01-15-2017, 08:59 AM

01-15-2017, 09:24 AM

-4.10206761537E-10

Gerson.

Gerson.

01-15-2017, 09:26 AM

My 71b returns: -4.10206761537E-10, same value as my 48SX , 48GX and HP Prime.

I get the same result also on the go71b emulator.

I get the same result also on the go71b emulator.

01-16-2017, 10:31 AM

It's more enlightening to ask for the sin of a number just below pi, because then you get more digits of pi.

So, sin(3.14159265) for example, should give you

3.58979323846E-9

and

sin(3.141592653) should give

5.89793238463E-10

These are very accurate results! (I used Olivier de Smet's go48g emulator on Android, that's the one closest to hand. Oh, but the HP35s gives the same.)

So, sin(3.14159265) for example, should give you

3.58979323846E-9

and

sin(3.141592653) should give

5.89793238463E-10

These are very accurate results! (I used Olivier de Smet's go48g emulator on Android, that's the one closest to hand. Oh, but the HP35s gives the same.)

01-16-2017, 11:14 AM

(01-16-2017 10:31 AM)EdS2 Wrote: [ -> ]It's more enlightening to ask for the sin of a number just below pi, because then you get more digits of pi.

Neat! I never realized that.

It works for the number just above pi, too; you just get the ten's complement of those extra digits:

Code:

`10.00000000000E-10`

-4.10206761537E-10

------------------

5.89793238463E-10

I guess the point is that the calculator performs argument reduction using an extended-precision approximation of pi. Next question, for extra credit: how many digits?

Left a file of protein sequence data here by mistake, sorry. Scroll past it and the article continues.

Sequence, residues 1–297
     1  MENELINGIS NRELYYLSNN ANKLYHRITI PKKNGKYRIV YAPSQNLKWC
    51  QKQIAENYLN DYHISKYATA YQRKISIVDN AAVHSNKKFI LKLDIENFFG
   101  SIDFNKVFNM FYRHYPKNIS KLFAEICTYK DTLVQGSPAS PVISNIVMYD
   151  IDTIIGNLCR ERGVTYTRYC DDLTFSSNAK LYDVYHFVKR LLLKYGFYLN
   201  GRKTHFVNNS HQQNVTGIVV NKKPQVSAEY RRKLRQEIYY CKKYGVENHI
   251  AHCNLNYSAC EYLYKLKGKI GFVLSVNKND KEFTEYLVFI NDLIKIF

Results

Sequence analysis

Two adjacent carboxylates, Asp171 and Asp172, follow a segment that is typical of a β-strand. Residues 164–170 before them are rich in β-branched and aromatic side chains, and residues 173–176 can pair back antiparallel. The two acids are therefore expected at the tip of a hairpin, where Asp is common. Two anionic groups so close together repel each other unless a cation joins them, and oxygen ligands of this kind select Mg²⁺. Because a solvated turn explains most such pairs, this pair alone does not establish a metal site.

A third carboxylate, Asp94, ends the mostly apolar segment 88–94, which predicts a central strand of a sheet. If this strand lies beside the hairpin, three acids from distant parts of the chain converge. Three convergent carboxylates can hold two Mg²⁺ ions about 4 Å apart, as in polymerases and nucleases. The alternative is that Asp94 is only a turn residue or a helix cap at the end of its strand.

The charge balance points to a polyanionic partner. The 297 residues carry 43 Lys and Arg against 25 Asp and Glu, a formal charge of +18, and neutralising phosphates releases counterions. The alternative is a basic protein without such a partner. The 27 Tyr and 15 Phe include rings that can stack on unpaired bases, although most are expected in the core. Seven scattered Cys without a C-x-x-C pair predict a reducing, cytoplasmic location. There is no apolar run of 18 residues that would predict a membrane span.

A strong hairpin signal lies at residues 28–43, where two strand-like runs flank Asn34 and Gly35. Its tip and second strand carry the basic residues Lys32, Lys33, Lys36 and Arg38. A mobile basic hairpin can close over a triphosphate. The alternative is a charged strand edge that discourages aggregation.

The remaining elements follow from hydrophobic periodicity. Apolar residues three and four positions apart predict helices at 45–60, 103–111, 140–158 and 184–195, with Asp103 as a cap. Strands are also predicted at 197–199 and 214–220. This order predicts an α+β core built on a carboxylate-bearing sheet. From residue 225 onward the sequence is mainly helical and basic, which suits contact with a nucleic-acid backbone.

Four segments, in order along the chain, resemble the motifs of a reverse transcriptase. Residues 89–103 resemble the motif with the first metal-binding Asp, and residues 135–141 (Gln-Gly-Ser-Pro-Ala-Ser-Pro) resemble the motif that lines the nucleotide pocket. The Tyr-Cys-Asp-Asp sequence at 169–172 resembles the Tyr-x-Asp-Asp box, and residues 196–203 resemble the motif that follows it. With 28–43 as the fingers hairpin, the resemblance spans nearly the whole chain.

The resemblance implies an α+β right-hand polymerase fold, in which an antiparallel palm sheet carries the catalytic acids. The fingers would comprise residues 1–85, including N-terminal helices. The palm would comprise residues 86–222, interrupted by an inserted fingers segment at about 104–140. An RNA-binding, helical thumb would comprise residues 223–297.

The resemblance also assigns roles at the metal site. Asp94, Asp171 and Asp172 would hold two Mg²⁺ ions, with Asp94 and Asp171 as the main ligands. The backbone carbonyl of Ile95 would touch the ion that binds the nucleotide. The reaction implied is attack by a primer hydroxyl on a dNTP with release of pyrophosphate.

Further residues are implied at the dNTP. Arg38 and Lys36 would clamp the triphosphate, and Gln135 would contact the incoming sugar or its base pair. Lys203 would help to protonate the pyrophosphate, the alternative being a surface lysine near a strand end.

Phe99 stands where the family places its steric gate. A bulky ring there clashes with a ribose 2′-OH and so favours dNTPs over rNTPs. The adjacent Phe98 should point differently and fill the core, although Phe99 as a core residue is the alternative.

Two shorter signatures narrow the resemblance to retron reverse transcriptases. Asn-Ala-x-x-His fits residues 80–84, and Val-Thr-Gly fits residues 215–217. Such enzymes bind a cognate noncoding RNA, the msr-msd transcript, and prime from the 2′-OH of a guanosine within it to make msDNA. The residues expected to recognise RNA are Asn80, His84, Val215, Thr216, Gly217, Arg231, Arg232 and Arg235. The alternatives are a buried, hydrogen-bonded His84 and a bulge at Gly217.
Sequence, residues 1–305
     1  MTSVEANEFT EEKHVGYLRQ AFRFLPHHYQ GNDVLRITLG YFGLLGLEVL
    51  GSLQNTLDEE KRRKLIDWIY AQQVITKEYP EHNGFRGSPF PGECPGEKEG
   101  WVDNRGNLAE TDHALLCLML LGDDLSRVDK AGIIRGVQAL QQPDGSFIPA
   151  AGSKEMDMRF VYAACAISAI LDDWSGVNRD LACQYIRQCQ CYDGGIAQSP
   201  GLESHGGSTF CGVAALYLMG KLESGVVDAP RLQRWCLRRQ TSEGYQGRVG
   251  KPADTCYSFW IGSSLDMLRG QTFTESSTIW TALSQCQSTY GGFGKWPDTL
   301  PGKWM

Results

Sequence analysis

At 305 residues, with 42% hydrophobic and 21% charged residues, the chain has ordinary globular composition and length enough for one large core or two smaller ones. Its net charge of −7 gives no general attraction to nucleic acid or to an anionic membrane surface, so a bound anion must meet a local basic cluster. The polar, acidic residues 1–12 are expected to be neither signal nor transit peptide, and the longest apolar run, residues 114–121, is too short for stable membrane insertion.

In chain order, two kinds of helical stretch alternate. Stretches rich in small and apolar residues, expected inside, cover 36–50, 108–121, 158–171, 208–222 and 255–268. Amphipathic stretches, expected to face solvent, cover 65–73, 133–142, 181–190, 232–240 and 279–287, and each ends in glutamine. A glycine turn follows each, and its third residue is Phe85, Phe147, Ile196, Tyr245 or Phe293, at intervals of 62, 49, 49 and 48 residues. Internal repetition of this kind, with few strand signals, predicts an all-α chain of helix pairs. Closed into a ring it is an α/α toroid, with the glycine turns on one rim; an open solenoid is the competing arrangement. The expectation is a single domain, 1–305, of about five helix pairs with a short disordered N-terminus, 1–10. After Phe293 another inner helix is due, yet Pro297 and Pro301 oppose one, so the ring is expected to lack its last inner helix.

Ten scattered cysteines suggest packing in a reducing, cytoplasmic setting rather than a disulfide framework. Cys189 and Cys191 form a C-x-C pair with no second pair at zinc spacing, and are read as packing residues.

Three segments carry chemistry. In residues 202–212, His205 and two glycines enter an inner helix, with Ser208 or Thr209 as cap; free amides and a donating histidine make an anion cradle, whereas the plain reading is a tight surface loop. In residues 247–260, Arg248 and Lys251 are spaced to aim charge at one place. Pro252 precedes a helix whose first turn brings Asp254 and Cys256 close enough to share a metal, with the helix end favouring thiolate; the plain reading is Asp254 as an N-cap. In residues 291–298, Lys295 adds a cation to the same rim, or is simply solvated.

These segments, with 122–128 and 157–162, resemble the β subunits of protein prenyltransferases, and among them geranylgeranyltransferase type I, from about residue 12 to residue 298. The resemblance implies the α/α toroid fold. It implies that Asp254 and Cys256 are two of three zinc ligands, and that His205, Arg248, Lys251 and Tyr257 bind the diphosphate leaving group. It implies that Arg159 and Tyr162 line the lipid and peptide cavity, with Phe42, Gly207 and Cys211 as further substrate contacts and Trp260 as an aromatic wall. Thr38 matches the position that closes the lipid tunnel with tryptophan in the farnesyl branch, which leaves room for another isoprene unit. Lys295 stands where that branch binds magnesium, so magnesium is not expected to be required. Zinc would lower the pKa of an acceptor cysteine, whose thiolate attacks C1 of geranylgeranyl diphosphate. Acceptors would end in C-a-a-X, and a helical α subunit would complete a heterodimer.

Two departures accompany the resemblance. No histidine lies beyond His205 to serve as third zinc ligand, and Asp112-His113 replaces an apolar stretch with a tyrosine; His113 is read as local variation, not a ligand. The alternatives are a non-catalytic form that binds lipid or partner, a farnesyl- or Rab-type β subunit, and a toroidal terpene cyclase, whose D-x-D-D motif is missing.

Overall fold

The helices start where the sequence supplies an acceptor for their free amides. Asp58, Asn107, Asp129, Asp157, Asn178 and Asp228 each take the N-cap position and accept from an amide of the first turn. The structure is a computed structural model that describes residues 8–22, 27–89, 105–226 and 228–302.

01-16-2017, 01:18 PM

(01-16-2017 11:14 AM)Thomas Okken Wrote: [ -> ]I guess the point is that the calculator performs argument reduction using an extended-precision approximation of pi. Next question, for extra credit: how many digits?

See this discussion.

J-F

01-16-2017, 01:40 PM

(01-16-2017 11:14 AM)Thomas Okken Wrote: [ -> ](01-16-2017 10:31 AM)EdS2 Wrote: [ -> ]It's more enlightening to ask for the sin of a number just below pi, because then you get more digits of pi.

Neat! I never realized that.

It works for the number just above pi, too; you just get the ten's complement of those extra digits:

Code:

`10.00000000000E-10`

-4.10206761537E-10

------------------

5.89793238463E-10

I guess the point is that the calculator performs argument reduction using an extended-precision approximation of pi. Next question, for extra credit: how many digits?

That's an old trick (see http://www.hpmuseum.org/forum/post-18529.html#pid18529), but I wasn't aware of the 10's complement part. Thanks!

Gerson.

01-17-2017, 12:02 AM

You did not ask, but sin(PI) is:

-2.06761537357e-13

-2.06761537357e-13

01-17-2017, 03:19 AM

(01-16-2017 01:18 PM)J-F Garnier Wrote: [ -> ](01-16-2017 11:14 AM)Thomas Okken Wrote: [ -> ]I guess the point is that the calculator performs argument reduction using an extended-precision approximation of pi. Next question, for extra credit: how many digits?

See this discussion.

J-F

Ah, yes. Thank you!

That link led me even further back, to this discussion, where Hugh Steers points out that you need lots of digits of pi if you want to calculate the sine, in radians, for very large arguments. He explained this to me once when we were discussing his BCD20 floating-point library, which I had noticed contained pi to several hundred digits.